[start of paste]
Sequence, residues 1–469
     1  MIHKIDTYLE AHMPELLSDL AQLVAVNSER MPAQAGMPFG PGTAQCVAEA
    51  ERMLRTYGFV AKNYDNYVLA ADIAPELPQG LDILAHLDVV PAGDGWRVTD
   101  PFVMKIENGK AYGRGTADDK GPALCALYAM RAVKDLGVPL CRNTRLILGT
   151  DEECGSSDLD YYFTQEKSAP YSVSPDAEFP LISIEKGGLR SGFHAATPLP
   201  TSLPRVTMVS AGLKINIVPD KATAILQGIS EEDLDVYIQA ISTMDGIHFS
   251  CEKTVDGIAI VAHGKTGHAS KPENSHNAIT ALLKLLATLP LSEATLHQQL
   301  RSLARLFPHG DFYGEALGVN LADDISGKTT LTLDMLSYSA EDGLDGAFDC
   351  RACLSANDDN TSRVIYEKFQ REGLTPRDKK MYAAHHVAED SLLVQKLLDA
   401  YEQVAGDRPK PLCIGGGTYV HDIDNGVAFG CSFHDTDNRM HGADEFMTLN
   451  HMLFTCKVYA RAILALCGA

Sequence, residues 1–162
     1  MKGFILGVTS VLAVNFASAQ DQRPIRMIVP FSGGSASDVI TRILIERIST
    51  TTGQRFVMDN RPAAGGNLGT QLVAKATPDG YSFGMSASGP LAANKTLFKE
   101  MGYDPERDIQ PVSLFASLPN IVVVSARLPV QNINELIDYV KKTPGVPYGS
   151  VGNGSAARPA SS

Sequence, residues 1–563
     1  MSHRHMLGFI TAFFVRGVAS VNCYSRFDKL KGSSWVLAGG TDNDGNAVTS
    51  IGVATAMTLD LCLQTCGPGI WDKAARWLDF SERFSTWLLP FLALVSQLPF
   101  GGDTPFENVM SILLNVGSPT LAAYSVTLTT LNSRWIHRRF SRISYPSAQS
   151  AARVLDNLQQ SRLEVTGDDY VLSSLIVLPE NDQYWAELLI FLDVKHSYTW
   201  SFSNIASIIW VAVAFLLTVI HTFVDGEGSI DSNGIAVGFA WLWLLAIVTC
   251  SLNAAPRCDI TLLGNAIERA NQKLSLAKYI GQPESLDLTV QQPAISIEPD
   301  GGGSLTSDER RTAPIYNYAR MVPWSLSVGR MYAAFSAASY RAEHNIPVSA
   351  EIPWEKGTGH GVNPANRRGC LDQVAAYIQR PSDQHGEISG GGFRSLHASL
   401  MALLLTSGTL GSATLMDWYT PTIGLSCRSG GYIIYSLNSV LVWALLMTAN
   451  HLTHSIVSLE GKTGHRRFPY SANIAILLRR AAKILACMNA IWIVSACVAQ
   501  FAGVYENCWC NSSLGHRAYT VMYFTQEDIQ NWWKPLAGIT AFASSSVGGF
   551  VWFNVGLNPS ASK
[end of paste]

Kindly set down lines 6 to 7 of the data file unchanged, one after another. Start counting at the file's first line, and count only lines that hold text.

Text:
   201  TSLPRVTMVS AGLKINIVPD KATAILQGIS EEDLDVYIQA ISTMDGIHFS
   251  CEKTVDGIAI VAHGKTGHAS KPENSHNAIT ALLKLLATLP LSEATLHQQL